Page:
In Which We Hold Google Accountable To A Core Principle It Seems To Have Abandoned

Eric Schmidt Larry Page Sergey Brin in a Streetview car

In the about section of, there is a list called “10 things we know to be true.

The intro copy reads: “We first wrote these ’10 things’ when Google was just a few years old. From time to time we revisit this list to see if it still holds true. We hope it does—and you can hold us to that.”

The second item on the list is headlined: “It’s best to do one thing really, really well.”

The rest of it:

“We do search. With one of the world’s largest research groups focused exclusively on solving search problems, we know what we do well, and how we could do it better. Through continued iteration on difficult problems, we’ve been able to solve complex issues and provide continuous improvements to a service that already makes finding information a fast and seamless experience for millions of people. Our dedication to improving search helps us apply what we’ve learned to new products, like Gmail and Google Maps. Our hope is to bring the power of search to previously unexplored areas, and to help people access and use even more of the ever-expanding information in their lives.”

Reading that, the obvious question for shareholders, employees and company watchers has to be: do Google’s leaders actually think they are still adhering to this core principle?

At a time when Google is running phone factories in Brazil, funding scripted pilots in Hollywood, pushing self-driving cars on Detroit – all while taking on Facebook with a social network and Apple with its own tablet – it is hard to believe anyone over there seriously thinks the company is working on “one thing.”

But it turns out they do.

Over the past couple days, we’ve been talking to a number of Google executives, and – just like they told us to! – we held them to this core principle, asking if they think the company still believes “it’s best to do one thing really, really well.”

Here is what these Google sources told us.

Google source #1:

We’ve had the same mission. The mission is to organise the world’s information and to make it universally accessible and useful. That’s been the company’s mission and it’s still the company’s mission.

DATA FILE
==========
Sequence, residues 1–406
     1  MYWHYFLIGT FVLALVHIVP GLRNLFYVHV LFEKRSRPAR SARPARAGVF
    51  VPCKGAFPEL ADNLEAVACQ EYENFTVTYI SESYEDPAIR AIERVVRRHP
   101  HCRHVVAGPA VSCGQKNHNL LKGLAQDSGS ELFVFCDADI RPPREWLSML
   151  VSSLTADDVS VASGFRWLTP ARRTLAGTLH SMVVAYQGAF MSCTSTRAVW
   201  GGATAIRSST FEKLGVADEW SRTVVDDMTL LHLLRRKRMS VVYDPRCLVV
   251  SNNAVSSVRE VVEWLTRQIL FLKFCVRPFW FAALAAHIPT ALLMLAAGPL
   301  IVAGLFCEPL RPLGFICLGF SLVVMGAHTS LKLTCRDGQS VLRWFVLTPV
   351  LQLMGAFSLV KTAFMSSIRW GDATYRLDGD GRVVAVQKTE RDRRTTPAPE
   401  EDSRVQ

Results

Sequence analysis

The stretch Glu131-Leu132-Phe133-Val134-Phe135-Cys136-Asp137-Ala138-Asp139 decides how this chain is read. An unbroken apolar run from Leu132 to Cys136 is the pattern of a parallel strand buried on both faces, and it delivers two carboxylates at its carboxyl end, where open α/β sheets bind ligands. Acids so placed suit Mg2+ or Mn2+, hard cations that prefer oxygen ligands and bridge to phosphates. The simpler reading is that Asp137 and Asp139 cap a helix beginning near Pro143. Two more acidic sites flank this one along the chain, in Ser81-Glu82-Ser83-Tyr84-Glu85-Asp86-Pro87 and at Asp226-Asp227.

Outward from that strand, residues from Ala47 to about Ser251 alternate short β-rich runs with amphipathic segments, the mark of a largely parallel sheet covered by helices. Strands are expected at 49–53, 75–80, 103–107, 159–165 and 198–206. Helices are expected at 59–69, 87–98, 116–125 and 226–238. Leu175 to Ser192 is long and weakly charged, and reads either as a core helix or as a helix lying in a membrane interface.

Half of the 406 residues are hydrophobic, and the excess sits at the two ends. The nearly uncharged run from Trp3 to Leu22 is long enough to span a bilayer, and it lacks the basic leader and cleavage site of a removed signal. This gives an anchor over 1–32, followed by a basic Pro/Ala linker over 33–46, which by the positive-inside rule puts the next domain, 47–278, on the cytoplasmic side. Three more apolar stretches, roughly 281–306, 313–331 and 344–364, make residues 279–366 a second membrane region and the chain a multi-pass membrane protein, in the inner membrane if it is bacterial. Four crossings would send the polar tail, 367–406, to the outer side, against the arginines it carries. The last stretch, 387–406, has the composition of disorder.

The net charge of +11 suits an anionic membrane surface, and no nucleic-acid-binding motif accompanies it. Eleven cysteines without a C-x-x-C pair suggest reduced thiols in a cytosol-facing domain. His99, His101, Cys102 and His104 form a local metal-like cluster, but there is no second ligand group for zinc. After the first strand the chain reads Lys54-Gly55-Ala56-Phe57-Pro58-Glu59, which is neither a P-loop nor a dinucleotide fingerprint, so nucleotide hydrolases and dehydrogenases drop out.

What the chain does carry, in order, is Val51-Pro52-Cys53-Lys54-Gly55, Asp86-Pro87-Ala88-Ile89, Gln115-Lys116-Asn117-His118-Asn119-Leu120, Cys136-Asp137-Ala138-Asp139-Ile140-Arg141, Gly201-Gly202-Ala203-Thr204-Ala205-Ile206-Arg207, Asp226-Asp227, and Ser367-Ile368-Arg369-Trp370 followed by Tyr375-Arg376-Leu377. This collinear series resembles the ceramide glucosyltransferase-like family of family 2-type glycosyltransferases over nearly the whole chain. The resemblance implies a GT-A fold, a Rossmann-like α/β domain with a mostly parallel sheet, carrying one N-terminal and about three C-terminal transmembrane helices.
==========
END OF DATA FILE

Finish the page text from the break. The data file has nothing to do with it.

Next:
You can look at the different P&Ls [YouTube, Google+, Motorola, Android, Geo and Commerce, etc] and say, “Are they relevant?”

We can start with Android: Is that relevant? Well, think about all the mobile usage that’s going on in the world. If we didn’t have Android, would it be a fair playing ground to be able to search or to do the other things you’re able to do, or to look up your map.

You can look at YouTube and say, people spend so much time online, video is such an important part—look at how much time people spend watching TV. Video is a really important part of Information, like if you wanted to type in a query of “How to tie a bow tie” or “How to do a magic trick,” a video might be the right answer. So that’s been important.

It’s hard to say Maps isn’t important. Think of all the time people look up a direction, or someone was just telling me that—anyway, there are many, many examples of events or parties or things where people are looking up directions; they’re going to Google and they want to know where something’s located. You type in a hotel: it matters whether it’s in a nice neighbourhood or not.

What’s happened is that users have gotten more sophisticated, and the web has really matured. In order to offer our users the best experiences, we offer them more than 10 blue links; they want to know maps, they want to see video, they want to see if their friends liked this search result or not.

So to remain competitive and to offer really demanding Internet users the next generation of the best answers, we need to be in these other businesses to answer those questions as best as we can.

Google source #2:

When we started, a lot of us had resistance to developing an ad product, because we thought of ourselves as a company based primarily on the most sophisticated algorithmic ranking method, Page Rank. When the founders were pushing us into developing an ad product, that was foreign to us.

Obviously it was the right decision. And I think we’ve made that decision several times subsequently, around Gmail, around Maps, around Android, and around YouTube.

When you say a company has to do one thing well, it depends on how you define that one thing. Obviously if you limit it to a specific division or feature, you might be missing out on other parts.

[Google CEO] Larry [Page] has chosen a number of areas that he cares a lot about, and those areas have different users. Some use cases across them are common, and when we see those common use cases, we try to build the infrastructure technology and parts around them.

I think we’re a company that has different use cases [but] they’re all related. It’s entirely possible for us to have a company where, for example, on the YouTube side they are very focused on the video experience for the user, while at the same time they draw from other parts of Google and don’t have to reinvent the wheel.

So what can we conclude from these answers? A few things…

  • Note how neither of the sources brought up Motorola Mobility, the handset/cablebox/communications hardware manufacturer Google bought for $12.5 billion.
  • Google sources are pretty good at making all products seem somehow related to search, but they still sound a little bit in denial.
  • Google should probably just re-write its core principles. Why not? After all, last fall, new-ish CEO Larry Page was pretty open about the idea that Google’s mission was no longer to “organise the world’s information.” He said it was to push technology forward.

So, do you buy what our sources are selling?

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